Ladies and Gentlemen! Children of all ages! Welcome to the greatest book show on earth! A weekend of thrills! A weekend of reading fun! A weekend at BookExpo America in New York City!
This year's edition of our industry's annual Big Top extravaganza will take place May 29-31 at the Jacob K. Javits Convention Center, perched beside the glittering waters of the Hudson River, otherwise known as the auxiliary runway for U.S. Airways Flight 1549. (We recommend LaGuardia, Newark or JFK airports as preferred arrival venues.)
But unlike Ringling Bros., BEA's circus won't be limited to three rings. There will be dozens, spreading in concentric arcs from a nucleus on the convention floor throughout the city, encompassing hotels, restaurants, bars and more. Business will mix seamlessly with pleasure and the workday will run from dawn to dawn.
So welcome, my friends, to the show that never ends . . . until Sunday.
BookExpo really does have a little something for everyone--ringmasters and stagehands, high-wire artists and tightrope walkers (financially, anyway), clowns happy and sad, literary lions and tigers and bears.
But what about that big ol' mean-looking pachyderm lurking in the corner? Could it be the future of publishing? A rogue elephant in the center ring? Maybe if we're lucky, we can nudge it into the spotlight and make it stand on its hind legs for a few days, balance precariously on a huge ball, hoist a publicist into the air with its trunk. Maybe, just maybe, it will think we're the ones in control.
Are you going to the book circus this year? We'd love to hear about your strategies and memories.
I love BEA. I'm a trade show junkie. My first book event was the 1993 ABA show in Miami. I attended Booksellers School there and had my initial glimpse of center ring--the exhibition floor.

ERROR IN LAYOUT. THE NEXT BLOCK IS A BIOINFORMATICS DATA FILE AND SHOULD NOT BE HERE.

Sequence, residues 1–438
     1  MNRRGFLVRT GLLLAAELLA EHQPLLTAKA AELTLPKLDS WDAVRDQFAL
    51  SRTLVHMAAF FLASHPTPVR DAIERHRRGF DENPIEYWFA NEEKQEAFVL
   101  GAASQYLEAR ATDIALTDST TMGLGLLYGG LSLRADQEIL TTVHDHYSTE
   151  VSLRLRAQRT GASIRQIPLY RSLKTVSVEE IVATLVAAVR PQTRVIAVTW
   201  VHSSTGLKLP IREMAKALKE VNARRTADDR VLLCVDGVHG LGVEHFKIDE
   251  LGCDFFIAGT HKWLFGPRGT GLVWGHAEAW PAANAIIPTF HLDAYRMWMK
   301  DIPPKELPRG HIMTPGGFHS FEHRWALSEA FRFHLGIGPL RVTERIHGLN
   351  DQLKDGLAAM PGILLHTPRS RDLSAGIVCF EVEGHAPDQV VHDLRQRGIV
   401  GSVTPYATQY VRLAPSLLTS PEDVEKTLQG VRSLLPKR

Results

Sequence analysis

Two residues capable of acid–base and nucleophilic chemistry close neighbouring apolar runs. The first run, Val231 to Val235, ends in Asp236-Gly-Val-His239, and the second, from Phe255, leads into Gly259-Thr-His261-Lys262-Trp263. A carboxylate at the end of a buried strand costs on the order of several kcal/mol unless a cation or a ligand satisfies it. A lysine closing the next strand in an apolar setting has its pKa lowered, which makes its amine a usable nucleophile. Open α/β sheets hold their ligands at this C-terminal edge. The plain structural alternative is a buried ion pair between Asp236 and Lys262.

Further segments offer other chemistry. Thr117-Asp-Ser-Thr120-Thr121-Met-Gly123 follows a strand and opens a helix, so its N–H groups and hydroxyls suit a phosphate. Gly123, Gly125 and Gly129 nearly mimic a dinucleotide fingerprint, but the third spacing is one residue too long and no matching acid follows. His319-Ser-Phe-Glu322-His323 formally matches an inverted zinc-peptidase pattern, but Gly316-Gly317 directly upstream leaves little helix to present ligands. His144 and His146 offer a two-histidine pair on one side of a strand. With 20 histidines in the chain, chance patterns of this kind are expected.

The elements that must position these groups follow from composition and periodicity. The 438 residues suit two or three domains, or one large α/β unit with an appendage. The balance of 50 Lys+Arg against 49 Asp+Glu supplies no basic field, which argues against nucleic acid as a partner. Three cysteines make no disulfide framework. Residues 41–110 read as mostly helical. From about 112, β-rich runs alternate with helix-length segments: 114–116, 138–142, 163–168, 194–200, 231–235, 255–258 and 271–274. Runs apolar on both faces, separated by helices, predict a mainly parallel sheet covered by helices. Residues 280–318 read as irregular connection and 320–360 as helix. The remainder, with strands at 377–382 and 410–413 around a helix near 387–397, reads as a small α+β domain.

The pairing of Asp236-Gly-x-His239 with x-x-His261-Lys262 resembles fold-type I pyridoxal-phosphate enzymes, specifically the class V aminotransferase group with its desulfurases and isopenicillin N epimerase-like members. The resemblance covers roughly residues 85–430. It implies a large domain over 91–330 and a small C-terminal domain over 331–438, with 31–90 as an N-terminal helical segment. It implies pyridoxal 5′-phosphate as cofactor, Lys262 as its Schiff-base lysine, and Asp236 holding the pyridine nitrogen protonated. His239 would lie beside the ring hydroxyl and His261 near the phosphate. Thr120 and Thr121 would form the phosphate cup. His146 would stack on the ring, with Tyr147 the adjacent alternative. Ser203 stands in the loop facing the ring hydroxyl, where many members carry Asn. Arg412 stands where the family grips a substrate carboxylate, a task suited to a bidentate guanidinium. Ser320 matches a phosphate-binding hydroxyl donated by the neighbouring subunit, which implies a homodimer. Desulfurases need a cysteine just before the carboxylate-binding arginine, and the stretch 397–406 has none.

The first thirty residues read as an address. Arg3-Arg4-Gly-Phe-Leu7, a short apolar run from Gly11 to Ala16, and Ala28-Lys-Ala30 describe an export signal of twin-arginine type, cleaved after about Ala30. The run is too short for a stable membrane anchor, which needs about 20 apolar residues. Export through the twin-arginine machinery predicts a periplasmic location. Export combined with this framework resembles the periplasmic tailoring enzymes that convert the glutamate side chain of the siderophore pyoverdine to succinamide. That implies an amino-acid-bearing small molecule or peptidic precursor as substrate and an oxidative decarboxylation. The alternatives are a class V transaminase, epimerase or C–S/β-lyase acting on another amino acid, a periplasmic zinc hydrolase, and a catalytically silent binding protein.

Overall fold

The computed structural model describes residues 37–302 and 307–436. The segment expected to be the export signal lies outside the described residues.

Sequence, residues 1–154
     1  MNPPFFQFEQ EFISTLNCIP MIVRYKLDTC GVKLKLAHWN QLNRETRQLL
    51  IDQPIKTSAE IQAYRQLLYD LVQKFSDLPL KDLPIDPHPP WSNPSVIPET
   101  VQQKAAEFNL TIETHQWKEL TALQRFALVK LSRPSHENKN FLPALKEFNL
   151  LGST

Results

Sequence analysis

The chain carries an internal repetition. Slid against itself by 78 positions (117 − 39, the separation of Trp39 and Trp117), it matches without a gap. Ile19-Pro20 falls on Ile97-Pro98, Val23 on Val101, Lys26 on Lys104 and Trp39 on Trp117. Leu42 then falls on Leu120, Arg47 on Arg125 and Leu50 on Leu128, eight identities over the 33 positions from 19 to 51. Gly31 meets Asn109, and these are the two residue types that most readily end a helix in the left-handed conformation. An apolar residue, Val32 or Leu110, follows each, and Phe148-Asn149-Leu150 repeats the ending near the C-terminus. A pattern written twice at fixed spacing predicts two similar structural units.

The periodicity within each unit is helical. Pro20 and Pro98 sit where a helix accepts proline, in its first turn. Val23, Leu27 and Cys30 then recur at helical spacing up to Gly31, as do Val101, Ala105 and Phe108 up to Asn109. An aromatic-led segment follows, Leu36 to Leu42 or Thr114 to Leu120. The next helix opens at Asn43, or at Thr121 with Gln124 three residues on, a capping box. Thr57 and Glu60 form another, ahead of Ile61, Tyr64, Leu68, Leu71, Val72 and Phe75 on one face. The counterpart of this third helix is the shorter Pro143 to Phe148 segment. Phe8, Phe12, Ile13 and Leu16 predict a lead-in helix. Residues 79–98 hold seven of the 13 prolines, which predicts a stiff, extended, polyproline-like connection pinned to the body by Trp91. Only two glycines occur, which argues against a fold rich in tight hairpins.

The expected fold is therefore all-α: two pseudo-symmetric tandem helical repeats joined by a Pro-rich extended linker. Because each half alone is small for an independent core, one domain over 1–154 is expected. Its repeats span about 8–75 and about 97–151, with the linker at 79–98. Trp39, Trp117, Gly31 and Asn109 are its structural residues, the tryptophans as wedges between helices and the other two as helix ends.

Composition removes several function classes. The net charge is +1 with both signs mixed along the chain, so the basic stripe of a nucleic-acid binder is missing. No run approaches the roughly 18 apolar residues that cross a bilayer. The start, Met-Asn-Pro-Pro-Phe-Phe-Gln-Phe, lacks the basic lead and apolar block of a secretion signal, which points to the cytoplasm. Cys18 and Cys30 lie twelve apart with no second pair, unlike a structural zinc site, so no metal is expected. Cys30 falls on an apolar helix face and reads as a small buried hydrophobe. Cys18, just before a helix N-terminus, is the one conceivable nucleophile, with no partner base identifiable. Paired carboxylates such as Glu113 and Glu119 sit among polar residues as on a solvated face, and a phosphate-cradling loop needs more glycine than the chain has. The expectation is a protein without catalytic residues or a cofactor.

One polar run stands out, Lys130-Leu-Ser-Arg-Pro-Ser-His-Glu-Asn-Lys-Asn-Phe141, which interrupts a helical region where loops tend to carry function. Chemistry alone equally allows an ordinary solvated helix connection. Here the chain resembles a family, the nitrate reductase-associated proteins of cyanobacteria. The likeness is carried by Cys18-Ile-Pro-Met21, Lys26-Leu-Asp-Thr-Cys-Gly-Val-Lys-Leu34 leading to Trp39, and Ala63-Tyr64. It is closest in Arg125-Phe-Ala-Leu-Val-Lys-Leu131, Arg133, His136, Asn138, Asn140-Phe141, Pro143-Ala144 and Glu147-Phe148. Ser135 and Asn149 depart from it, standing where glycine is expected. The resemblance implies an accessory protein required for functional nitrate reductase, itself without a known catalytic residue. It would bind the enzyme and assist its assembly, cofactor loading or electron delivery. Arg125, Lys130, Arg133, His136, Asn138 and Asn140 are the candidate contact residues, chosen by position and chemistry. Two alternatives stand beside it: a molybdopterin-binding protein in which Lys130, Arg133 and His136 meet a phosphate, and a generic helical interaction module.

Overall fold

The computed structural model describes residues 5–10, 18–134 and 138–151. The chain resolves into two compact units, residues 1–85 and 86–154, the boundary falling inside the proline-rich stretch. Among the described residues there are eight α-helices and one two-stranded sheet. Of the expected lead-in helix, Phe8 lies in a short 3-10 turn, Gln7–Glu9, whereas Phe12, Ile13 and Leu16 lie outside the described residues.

At some point that weekend--as I attended a lush, downtown rooftop garden launch party for Oprah Winfrey's autobiography (a book that never hit the presses, as it turned out) and a suitably spooky dinner for Anne Rice at the Biltmore Hotel in Coral Gables; or as I walked on Miami Beach wearing a suit and carrying my shoes in socks, like a beached mobster--it occurred to me that this was a pretty damn good perk for a frontline bookseller from Vermont.
Sixteen years later, I'll resist the temptation to imagine Bookocalypse Now. The economy stinks. The publishing industry may not be underwater, but it's definitely paddling real hard on the surface. Booksellers have to measure every penny spent and their decisions about attending or not attending BEA are more challenging than ever. And how can one not speculate about a virtual BEA for E-books in the "distant" future, held exclusively on Twitter and Facebook? Okay, we can resist that last one for awhile.
But just a couple of weeks from now, the circus will come to town. There are logical, businesslike, serious reasons for me to attend BookExpo, but I never forget why I really want to be there. BEA is the bookseller's Big Top extraordinaire--all those energetic attendees and performing exhibitors. (Watch me pull a bestseller out of my hat!)
When I was a full-time bookseller, my prime directive at BEA was to find the unexpected book, the one that might never cross my desk otherwise. Finding that unexpected book(s) was pure pleasure, and good business.
It almost doesn't matter how many years I've been going to this thing or what the current state of the industry might be; BEA always makes me feel that the coming year will be a good one. I used to leave the show wanting to hit the ground (aka the bookstore's sales floor) running and sell the hell out of the autumn list.
For a registered member of the International Society for Cynics and Fatalists, that's one amazing side effect. As we approach this year's BookExpo, fending off the logical realization that our collective heads may be in the collective lions' mouths, the reader and bookseller in me still expects inspiration to happen there.
I'll wander the aisles at BookExpo like a fisherman on the riverbank looking for the flash of something--a jacket, a title, a familiar author's name--that tells me I should pause and cast a line here, or here, or there.
But fishing is a quiet sport, and we're talking Big Top here (or "Over the Top," as Ringling Bros. modestly claims). So, tell me, are you running away to join the circus, too?